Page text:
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Was your college kid arrested on charges of possessing PCP?

Perhaps you already know that PCP, or phencyclidine, still exists. In fact, many people continue to use it, produce it and distribute it. Maybe your first indication of this was when your college student called you from a jail here in Maryland, and you found out that he or she faces charges for possession or distribution of PCP.

Before you take any action regarding your child and the charges, you may want to know a bit more about this dangerous hallucinogen.

Its origins

Up until 1965, the medical field used PCP, or Angel Dust, as an anesthetic. It caused memory loss and catatonia, but the patient did not lose consciousness. It took that long for medical professionals to realize that the drug had dangerous side effects. It became popular as a street drug in the 1960s due to its euphoric, hallucinogenic and dissociative effects. By 1978, the drug couldn't even receive approval for use on animals because of the danger it poses.

People often use the drug for its olfactory, auditory and visual effects. A user may experience enhancements to sound and color. It also causes hallucinations and an elevated state of consciousness. The problems with the drug begin with the fact that the hallucinations are external. With other psychedelic drugs, they are only in the mind, but with PCP, a user can believe they are real. Obviously, this could lead to frightening, dark and sinister experiences while on the drug.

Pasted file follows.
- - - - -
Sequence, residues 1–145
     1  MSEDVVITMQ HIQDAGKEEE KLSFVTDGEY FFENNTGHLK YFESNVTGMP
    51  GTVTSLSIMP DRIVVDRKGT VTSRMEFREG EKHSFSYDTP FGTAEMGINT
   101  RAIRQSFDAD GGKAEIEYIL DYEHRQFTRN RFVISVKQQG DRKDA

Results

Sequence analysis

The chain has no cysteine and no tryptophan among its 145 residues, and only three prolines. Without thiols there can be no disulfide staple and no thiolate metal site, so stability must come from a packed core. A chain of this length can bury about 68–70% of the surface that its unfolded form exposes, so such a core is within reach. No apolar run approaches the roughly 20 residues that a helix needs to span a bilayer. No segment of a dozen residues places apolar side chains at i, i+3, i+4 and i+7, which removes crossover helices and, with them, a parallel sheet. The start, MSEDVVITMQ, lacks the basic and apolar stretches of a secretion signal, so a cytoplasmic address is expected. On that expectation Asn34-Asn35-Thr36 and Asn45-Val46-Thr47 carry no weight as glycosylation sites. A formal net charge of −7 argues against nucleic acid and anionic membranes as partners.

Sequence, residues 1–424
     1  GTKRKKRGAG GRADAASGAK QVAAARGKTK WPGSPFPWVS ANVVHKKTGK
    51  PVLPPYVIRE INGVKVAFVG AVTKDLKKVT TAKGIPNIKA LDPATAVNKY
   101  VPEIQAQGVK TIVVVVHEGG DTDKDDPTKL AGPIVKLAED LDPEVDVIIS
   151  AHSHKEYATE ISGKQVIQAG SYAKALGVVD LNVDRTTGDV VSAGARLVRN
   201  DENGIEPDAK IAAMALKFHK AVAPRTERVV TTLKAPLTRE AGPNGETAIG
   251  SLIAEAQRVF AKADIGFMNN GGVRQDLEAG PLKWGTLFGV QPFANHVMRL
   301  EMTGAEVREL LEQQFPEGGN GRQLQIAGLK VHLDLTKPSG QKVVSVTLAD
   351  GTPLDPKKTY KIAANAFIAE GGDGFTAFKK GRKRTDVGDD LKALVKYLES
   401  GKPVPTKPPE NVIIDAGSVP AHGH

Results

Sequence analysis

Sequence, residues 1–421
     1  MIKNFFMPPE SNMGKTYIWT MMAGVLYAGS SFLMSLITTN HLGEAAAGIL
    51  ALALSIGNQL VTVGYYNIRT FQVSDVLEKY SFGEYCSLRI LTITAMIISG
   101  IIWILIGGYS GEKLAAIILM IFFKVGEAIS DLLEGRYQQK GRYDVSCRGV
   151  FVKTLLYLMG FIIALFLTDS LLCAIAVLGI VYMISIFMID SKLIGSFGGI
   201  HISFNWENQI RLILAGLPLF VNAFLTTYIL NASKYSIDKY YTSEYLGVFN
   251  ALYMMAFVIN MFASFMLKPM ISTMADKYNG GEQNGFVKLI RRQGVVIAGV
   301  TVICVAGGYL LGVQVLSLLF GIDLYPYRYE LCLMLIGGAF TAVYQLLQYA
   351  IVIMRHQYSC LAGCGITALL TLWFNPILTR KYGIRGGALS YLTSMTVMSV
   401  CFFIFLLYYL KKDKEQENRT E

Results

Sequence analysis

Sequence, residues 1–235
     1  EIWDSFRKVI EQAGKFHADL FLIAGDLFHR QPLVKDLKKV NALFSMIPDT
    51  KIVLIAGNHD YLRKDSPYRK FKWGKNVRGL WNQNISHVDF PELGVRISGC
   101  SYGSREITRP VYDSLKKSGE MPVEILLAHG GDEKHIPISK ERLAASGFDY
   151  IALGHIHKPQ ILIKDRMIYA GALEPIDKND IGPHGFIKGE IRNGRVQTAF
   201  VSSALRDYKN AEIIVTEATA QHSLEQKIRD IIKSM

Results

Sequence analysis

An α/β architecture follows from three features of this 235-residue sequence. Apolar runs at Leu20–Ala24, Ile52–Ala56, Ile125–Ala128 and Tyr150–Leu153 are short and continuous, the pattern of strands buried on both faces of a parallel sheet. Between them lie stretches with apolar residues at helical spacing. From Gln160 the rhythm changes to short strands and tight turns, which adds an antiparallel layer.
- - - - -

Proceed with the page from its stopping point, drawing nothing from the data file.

PCP doesn't necessarily come with any physical side effects like other illicit drugs. Instead, the psychological ones cause the most worry. Violent crimes could be committed under its influence, and your child may not even remember it.

Its effects

Other than the potential for violent outbursts and uncontrolled violent actions, PCP could also cause the following effects in your child:

  • Paranoia
  • Anesthesia
  • Pain relief
  • Suicidal thoughts or actions
  • Loss of his or her sense of self
  • Convulsions with high doses
  • Temporary psychotic state

Even with the possibility of "bad trips," your child could become addicted to PCP depending on the circumstances and his or her propensity for addiction.

Its criminal side effects

Assault, property damage and even murder have been said to occur under the influence of PCP. Knowing this, you may hope that your child only faces drug charges connected to this highly volatile drug. If addiction is a problem, your child needs more help than incarceration could provide. Instead, it may be possible to get him or her the help needed in order to become free from the drug and the problems it brings with it.

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